If you're interested in checking this out, visit primacinema.com. That website lacks quite a bit of actual info on the service, and even the FAQ is considerably vague, besides promising that "PRIMA Cinema... will support 3D films." Hooray...? I wish they had a more specific pricing info, details on when exactly movies will be available (upon release or a few weeks later?) and which studio's films are "supported", if limited. Still, an interesting new development in the release game that seems to be quietly sneaking out - the first install was in June, quoting a $35,000 price. Will expensive home offerings change Hollywood? Thoughts?

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  • beevis
    that's a ridiculous waste of money. and maybe i'm missing something, alex....but, how would something so expensive change hollywood? 90% of the homes can't afford this. i do think the idea of paying to see films (still at the theatre) at home for a price is a good one. i'd certainly be willing to pay 10 dollars a film (500 dollars is a joke) - but i wouldn't be willing to invest 20,000 dollars in the delivery system - that's just crazy
  • http://www.facebook.com/rocKKickerdesigner Anthony Ceniccola
    host a viewing party with a door charge...really the only way i see this working
  • http://twitter.com/RayHardlyKnows Ray Hartley
    Never complaining about 12 dollar movie tickets again...
  • BANDIT
    I don't get why they dont just make it something reasonable.. I would pay 20 bucks a movie to watch at home. When Indies dont make it to the theatre at my house I either am too lazy to go drive and see it, or i use graboid and watch a bootleg.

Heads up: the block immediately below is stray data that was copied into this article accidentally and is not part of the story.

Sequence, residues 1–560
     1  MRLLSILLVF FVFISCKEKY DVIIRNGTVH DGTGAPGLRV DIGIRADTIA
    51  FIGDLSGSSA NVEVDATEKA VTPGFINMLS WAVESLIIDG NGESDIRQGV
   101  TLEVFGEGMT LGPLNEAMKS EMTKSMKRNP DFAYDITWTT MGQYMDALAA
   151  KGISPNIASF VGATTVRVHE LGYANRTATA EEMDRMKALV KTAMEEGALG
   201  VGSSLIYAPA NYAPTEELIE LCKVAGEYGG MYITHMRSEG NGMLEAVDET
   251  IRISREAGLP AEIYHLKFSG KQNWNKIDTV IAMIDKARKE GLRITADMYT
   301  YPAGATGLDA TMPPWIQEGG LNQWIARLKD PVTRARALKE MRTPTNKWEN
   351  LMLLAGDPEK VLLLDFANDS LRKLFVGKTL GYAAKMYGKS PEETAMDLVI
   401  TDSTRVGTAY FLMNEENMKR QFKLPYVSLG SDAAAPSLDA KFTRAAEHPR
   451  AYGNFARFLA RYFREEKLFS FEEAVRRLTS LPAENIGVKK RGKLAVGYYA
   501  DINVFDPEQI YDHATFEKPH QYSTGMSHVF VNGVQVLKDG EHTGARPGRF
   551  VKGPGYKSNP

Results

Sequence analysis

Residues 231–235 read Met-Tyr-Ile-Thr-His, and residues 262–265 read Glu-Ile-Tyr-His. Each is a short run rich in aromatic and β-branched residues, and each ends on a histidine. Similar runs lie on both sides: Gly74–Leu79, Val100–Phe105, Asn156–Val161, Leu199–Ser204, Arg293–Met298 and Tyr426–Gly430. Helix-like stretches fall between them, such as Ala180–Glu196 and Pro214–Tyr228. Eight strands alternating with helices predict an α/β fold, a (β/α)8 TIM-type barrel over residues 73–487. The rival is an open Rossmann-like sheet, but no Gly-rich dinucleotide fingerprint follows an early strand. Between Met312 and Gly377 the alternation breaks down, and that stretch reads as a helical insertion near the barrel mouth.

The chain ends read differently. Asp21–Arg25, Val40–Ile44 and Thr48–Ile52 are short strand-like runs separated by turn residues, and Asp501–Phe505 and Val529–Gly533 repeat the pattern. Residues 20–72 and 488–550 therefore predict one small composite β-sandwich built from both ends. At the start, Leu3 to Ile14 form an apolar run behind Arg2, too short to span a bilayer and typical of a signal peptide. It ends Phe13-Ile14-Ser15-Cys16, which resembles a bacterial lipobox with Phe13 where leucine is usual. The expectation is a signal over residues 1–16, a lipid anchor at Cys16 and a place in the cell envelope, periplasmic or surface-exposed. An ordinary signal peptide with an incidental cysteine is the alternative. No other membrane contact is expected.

• BANDIT
      meant theatre by my house.. and most of the time I just wait until VOD.
  • Isildur_of_Numenor
    Unable to comment. Still bewildered by the price.
  • mooreworthy
    Its just something about hanging out with a bunch of hardworking folks who want to sit back and share an experience. the rich can hole themselves up for all I care
  • Cody W
    Well there market is very small...the top 1%
  • Ron
    Nothing beats going to theater and watching a movie on opening day.
  • The Truth
    It's perfect for Mitt Romney...
  • David Banner
    "$20,000 for a digital-delivery system and an additional $500 per film". Hmmmm. It's the $500 I have a problem with...lol. If it were a one-time-fee of $20,000 and unlimited movies, hmmmm. Prices tend to drop, maybe this will land on ($10,000 for "installation") and $150 per film within a few years? With $500 a film, it would cost me over $125,000 a year on not leaving my home theater. I haven't studied their website yet, but I take it all of the $20,000+ goes to PRIMA, and the film studioes only see, what, 50% of the $500? Atm, PRIMA is for the 1% of the 1%, not the 10% (of 100%) as someone else here mentioned. I'm gunna laugh when I see this in some movie, discretely added like McIntosh in The Departed or the turntable in The Game :)
  • Danny Lee